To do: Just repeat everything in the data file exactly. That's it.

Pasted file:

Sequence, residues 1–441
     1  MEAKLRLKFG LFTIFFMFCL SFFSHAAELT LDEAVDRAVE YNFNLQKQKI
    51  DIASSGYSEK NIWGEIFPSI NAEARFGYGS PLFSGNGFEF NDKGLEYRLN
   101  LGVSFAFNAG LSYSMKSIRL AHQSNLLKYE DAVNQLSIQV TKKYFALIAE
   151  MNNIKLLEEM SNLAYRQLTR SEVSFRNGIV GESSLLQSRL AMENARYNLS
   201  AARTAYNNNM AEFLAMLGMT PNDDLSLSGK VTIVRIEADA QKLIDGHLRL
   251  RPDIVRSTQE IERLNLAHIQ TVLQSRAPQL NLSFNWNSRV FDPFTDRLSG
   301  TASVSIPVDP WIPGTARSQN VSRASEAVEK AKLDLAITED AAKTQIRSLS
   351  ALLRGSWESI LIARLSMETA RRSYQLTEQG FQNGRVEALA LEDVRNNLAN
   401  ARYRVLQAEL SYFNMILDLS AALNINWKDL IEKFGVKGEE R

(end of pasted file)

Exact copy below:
Sequence, residues 1–441
     1  MEAKLRLKFG LFTIFFMFCL SFFSHAAELT LDEAVDRAVE YNFNLQKQKI
    51  DIASSGYSEK NIWGEIFPSI NAEARFGYGS PLFSGNGFEF NDKGLEYRLN
   101  LGVSFAFNAG LSYSMKSIRL AHQSNLLKYE DAVNQLSIQV TKKYFALIAE
   151  MNNIKLLEEM SNLAYRQLTR SEVSFRNGIV GESSLLQSRL AMENARYNLS
   201  AARTAYNNNM AEFLAMLGMT PNDDLSLSGK VTIVRIEADA QKLIDGHLRL
   251  RPDIVRSTQE IERLNLAHIQ TVLQSRAPQL NLSFNWNSRV FDPFTDRLSG
   301  TASVSIPVDP WIPGTARSQN VSRASEAVEK AKLDLAITED AAKTQIRSLS
   351  ALLRGSWESI LIARLSMETA RRSYQLTEQG FQNGRVEALA LEDVRNNLAN
   401  ARYRVLQAEL SYFNMILDLS AALNINWKDL IEKFGVKGEE R